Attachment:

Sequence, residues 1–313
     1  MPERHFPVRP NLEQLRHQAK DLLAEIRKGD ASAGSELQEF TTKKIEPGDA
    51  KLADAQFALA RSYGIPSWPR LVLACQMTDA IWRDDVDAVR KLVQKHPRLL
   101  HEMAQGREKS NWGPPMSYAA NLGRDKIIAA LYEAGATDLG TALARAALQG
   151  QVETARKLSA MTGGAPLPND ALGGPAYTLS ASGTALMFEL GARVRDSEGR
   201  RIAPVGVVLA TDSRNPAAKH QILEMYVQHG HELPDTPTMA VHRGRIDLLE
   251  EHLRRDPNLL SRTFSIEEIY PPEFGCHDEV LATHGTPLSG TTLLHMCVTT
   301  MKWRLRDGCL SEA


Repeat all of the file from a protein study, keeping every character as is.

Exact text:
Sequence, residues 1–313
     1  MPERHFPVRP NLEQLRHQAK DLLAEIRKGD ASAGSELQEF TTKKIEPGDA
    51  KLADAQFALA RSYGIPSWPR LVLACQMTDA IWRDDVDAVR KLVQKHPRLL
   101  HEMAQGREKS NWGPPMSYAA NLGRDKIIAA LYEAGATDLG TALARAALQG
   151  QVETARKLSA MTGGAPLPND ALGGPAYTLS ASGTALMFEL GARVRDSEGR
   201  RIAPVGVVLA TDSRNPAAKH QILEMYVQHG HELPDTPTMA VHRGRIDLLE
   251  EHLRRDPNLL SRTFSIEEIY PPEFGCHDEV LATHGTPLSG TTLLHMCVTT
   301  MKWRLRDGCL SEA